Without the Domain Name System (DNS), we're all lost on the Internet. DNS provides the service that translates our human readable Web addresses such as google.com to their real, but mysterious Internet Protocol version 4 (IPv4) addresses, such as 184.108.40.206 or IPv6's 2001:4860:4860::8888. The problem with this master yellow pages directory to the Internet is that DNS records themselves can be corrupted or your communications with the DNS servers interrupted by a man-in-the-middle (MiM) attack.
On March 16, the network security company BGPmon reported that Google's Public DNS server, 220.127.116.11, was hijacked for Internet users in Brazil and Venezuela for 22 minutes. During this so-called MiM attack, anyone seeking a Web site, e-mail server, or the like was redirected to a site belonging to British Telecomm's Latin America division. The assault seems to have been result of Border Gateway Protocol (BGP) hijacking.
Google's Public DNS servers are used for "130 billion DNS queries on average (peaking at 150 billion) from more than 70 million unique IP addresses each day." That makes Google the most popular free public DNS service in the world. Public DNS services, such as those offered by Google and OpenDNS, are used by savvy Internet users who want the fastest possible look-up speeds for their Web browsing.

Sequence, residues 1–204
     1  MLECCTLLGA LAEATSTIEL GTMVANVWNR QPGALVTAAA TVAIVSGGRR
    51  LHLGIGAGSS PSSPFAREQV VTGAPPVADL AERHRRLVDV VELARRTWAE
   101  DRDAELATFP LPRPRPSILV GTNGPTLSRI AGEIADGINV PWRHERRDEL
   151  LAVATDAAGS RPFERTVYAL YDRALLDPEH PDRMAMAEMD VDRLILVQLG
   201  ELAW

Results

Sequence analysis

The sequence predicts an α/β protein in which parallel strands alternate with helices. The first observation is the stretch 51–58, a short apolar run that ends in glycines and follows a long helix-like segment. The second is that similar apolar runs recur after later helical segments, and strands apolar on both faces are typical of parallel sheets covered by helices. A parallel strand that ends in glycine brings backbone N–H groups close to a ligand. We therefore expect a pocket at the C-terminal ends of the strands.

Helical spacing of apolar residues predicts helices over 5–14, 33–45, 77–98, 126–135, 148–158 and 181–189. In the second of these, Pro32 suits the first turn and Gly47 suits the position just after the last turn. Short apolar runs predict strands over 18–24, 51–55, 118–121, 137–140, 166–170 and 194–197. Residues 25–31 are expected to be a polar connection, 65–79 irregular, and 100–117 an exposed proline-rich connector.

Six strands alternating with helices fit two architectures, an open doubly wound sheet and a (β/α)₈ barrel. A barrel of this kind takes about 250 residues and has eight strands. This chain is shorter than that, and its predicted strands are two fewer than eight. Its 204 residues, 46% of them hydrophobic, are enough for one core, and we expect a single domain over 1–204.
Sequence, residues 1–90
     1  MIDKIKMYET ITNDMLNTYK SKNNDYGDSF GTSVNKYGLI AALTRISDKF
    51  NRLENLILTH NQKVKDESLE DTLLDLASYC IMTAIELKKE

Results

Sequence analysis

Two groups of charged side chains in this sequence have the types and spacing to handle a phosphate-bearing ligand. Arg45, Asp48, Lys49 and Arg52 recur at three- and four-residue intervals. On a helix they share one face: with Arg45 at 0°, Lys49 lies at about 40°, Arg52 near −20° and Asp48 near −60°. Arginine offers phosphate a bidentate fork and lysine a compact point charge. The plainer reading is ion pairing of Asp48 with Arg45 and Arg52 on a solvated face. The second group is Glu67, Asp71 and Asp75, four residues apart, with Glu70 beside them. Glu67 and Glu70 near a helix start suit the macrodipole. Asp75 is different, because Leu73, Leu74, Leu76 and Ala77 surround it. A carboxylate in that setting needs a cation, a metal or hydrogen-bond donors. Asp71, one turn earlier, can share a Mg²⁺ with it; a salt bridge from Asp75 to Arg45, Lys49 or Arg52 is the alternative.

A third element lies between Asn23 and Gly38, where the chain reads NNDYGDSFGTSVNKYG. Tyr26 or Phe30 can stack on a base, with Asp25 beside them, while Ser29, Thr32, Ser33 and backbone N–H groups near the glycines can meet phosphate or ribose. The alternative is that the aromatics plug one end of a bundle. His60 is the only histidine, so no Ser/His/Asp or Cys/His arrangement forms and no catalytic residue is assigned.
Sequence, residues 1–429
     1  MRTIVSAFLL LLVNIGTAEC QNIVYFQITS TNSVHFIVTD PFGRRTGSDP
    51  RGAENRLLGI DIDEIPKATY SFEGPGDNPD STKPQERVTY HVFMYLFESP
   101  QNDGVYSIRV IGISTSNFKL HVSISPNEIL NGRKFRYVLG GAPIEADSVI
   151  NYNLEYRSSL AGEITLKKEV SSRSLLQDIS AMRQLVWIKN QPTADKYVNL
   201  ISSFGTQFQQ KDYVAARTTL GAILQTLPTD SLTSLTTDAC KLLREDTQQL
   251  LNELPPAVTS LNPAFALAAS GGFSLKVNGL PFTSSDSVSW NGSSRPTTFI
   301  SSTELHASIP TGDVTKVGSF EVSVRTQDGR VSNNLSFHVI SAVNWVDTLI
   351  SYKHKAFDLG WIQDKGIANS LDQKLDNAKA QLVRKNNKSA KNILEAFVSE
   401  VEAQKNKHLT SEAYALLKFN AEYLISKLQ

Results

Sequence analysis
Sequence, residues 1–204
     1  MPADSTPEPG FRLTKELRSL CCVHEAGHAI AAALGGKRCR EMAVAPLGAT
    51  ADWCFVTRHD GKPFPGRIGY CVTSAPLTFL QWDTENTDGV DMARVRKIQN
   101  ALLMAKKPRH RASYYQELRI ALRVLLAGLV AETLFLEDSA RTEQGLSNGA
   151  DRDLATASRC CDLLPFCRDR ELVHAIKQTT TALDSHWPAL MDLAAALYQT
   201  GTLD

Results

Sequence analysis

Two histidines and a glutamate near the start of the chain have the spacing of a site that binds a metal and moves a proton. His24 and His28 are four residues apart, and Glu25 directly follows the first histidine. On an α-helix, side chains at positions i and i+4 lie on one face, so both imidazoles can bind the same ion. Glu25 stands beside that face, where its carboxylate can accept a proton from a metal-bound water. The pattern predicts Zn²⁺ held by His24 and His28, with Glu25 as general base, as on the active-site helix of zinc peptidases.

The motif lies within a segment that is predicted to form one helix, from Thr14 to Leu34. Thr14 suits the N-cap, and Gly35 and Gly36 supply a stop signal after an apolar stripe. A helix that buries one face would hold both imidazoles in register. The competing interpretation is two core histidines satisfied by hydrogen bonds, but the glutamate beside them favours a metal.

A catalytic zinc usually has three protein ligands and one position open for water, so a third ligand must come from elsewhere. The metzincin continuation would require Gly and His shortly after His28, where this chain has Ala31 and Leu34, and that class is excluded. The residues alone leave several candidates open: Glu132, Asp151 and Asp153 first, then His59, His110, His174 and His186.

Google has adopted Domain Name System Security Extensions (DNSSEC) by default for its DNS servers. This prevents the far more common DNS cache poisoning attack.
Many companies, however, still don't use DNSSEC nor have so-called "open" DNS servers. Both make their DNS servers more vulnerable to attacks and enable them to be used in distributed denial of service (DDoS) attacks.
The BGP attack itself may have arisen from the well-known flaw that there's no way to check if a particular IP address belongs to a particular Internet Service Provider's address range. Making use of this vulnerability wasn't easy. It required that an important router at a major South American ISP be under the control of an attacker
In this case, while the attack kept users from using the Internet, it seems to have no malicious designs. Given that the "attack" didn't direct users to a rogue DNS server pointing users to malware-loaded sites, I suspect the real problem was that someone briefly misconfigured a router. This would not be the first, or 101st time this kind of incident happened. Just a typo in a configuration file is enough to send users to a wrong address for their DNS queries.
We don't know exactly what happened. Google was asked for a comment and hasn't responded yet. In this particular case, I suspect Google had nothing to do with it, and my money is on an accident rather than BGPmon's attacker. That said, the incident does underline how fragile the Internet is even now.